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"Queenie, the most powerful" Topic

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683 hits since 19 Jan 2015
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Great War Ace Inactive Member19 Jan 2015 12:56 p.m. PST

Why is it that, in the "man's world" of antiquity, the game of chess created the one and only female piece to be the most powerful? Were men subconsciously admitting that women are the most powerful force in the world/universe? Whatever the reason was it must have been complex. It is counter-intuitive to make the most subjected half of humanity the most powerful piece in the game that formed one of the most popular diversions for both sexes. Discuss, please….

Streitax Inactive Member19 Jan 2015 1:10 p.m. PST

Perhaps because the Queen was the second most powerful person AND was 'expendable'. She could be sent out to influence and direct events and act in the King's name while the King saw to those things that required his personal attention. And if she did not return? Well, just a chance to forge new alliances with another marriage.

Toronto48 Inactive Member19 Jan 2015 2:16 p.m. PST

Chess is believed to have originated in Eastern India, c. 280 550 CE,so not exactly antiquity It became popular in the surrounding area and the throughout the region Chess was adopted by the Muslim Empire around the mid 630's CE when they conquered Persia and from there worked its way to Europe The Muslims called it Shatranj Europeans shortened that to "Shah" from the name of the most important piece the Kng or Shah From that came our word Check and Chess

In Shatranj, the piece corresponding to the modern chess "queen" (though far weaker) was often called Wazīr. As many stories tell us, the Wazir or Vizier was often the actual power behind the throne and many were great manipulators Whle they were not the head of state (King)the vizirs often had powers greater then the king but lost their position when the king's rule ended ( Checkmate)

In Europe the position of vizier was not known so it evolved to that of the Queen and slowly as the game developed gained more power and influence in the game Scholars estimate that by 1475 Chess as we play t today was firmly established

The development of the Queen was possibly influenced by the many famous Queens and Empresses" of the Middle Ages whose lives and actions became well known. It is easy to see such personages as the Empress Matilda, Eleanor of Aquitaine and Berengaria as being considered as role models for the Queen in Chess.

Great War Ace Inactive Member19 Jan 2015 5:37 p.m. PST

Yes, there have been powerful women rulers. But far more common are the child-bearing ones without political status. The most powerful female ruler in British history was of course Good Queen Bess. But chess was already set by then. Berengaria I never saw as a powerful queen. But Eleanor certainly was. Matilda was more of a "king" figure than a queen!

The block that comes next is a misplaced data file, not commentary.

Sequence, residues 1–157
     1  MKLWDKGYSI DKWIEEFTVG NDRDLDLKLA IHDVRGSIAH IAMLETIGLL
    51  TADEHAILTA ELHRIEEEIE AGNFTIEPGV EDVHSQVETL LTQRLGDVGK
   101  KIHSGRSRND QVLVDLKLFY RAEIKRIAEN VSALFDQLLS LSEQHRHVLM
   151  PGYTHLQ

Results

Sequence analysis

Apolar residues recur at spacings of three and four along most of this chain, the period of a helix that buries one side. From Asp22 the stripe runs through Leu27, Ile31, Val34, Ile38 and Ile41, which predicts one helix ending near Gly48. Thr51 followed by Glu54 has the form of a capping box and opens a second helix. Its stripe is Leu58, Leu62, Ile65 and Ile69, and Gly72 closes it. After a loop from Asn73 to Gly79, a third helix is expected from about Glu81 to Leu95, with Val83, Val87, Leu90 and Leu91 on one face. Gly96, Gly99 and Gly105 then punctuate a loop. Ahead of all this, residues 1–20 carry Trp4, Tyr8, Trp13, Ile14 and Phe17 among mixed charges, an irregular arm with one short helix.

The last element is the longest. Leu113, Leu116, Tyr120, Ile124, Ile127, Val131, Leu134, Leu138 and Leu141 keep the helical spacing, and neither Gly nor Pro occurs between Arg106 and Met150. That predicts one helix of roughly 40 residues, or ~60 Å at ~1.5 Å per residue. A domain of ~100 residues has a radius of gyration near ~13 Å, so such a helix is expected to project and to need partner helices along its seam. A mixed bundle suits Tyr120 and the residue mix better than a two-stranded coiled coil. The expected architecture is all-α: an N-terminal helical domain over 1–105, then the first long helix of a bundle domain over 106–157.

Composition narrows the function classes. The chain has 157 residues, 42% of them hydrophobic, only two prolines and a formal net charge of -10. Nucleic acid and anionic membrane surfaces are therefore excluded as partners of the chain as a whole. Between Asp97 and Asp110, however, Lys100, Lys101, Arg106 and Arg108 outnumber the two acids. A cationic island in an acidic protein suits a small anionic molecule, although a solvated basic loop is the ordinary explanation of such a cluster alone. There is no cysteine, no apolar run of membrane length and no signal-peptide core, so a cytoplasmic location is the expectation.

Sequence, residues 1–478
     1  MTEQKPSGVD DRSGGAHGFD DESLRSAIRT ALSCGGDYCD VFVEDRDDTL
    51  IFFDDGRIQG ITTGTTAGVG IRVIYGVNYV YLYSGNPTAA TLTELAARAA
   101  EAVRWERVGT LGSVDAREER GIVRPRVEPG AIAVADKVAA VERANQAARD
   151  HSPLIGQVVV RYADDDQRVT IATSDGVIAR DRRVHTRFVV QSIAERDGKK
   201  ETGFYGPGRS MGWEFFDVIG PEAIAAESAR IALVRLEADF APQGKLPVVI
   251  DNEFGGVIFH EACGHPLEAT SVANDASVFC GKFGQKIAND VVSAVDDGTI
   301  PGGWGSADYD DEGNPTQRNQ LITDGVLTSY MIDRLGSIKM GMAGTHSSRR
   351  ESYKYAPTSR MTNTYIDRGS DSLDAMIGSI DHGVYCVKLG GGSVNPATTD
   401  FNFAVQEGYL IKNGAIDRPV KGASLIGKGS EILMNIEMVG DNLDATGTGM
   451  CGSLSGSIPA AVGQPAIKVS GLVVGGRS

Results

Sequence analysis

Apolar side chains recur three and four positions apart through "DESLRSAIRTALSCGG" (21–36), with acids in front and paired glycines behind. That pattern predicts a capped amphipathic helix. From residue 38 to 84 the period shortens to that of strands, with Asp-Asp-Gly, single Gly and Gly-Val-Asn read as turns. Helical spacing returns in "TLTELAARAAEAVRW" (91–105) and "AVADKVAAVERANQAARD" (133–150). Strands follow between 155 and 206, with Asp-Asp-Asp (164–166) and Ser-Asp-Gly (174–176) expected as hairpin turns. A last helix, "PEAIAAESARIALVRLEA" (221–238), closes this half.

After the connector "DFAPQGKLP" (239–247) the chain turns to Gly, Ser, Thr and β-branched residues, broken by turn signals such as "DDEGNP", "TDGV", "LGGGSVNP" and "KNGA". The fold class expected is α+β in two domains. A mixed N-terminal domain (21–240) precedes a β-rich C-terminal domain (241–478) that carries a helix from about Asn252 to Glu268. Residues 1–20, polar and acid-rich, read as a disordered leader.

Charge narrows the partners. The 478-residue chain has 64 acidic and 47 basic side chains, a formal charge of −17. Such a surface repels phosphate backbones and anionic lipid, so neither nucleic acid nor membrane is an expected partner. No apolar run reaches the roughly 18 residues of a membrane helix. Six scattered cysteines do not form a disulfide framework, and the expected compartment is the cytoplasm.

I can see the eastern, earlier versions of chess as "queenless", certainly. And if Europe was where the vizier evolved into the queen, it still remains a strange development of a "man's game", to have the only female piece as the "queen of the battlefield". The real world proscribed women in such roles.

I can see a subtle admission that "behind every great man is a great(er) woman", who at the same time is not ultimately equal or as important to "the state". It just seems like a rare admission among men and not so common as to cause the development of the queen in chess. This pov is, of course, denied by the very fact that the queen is the most powerful piece.

A romanticized view of the middle ages has women in a submissive role, even extremely so. Or rather, a chauvinistic view of the middle ages views women so. Were women actually far more powerful and influential than more recent cultural (and religious) mores cared to admit?

Was male chauvinism more entrenched after the middle ages? Is the fact of the queen in chess evidence for this theory?…

Cyrus the Great19 Jan 2015 6:10 p.m. PST

Isabella of Spain is said to to have made the Queen the powerful piece it is today. She argued that Queen piece should embody all that she was as an actual Queen.

Great War Ace Inactive Member20 Jan 2015 10:37 a.m. PST


And the years fit! Fascinating….

skinkmasterreturns24 Jan 2015 10:18 p.m. PST

The king insisted, so that the queen would be moved around on the board and he wouldn't have to sit and listen to her the entire game.

DS6151 Inactive Member16 Feb 2015 10:34 a.m. PST

Chess is a game of political influence, not a war game.
The King is the objective, not a participant.
The Queen obviously has the most influence over the subtle machinations of court politics.

Great War Ace Inactive Member18 Feb 2015 7:37 p.m. PST

Pawns behave like shield-locked infantry. Knights jump opponents (signifying their maneuverability). Battlefields are broken up into "squares" on maps. Court politics are far too subtle to be analogous to a grid. And then we have the "vizier", not a queen, in the earlier versions of chess. The question remains: was the queen made the most powerful piece all in one fell swoop, by the sole influence of Isabella? Or was the queen piece gaining power by earlier developments to the rules of the game? I'm sure that your final statement is true, especially of Isabella. So I am going with the modern queen originating with her, unless someone can show otherwise….

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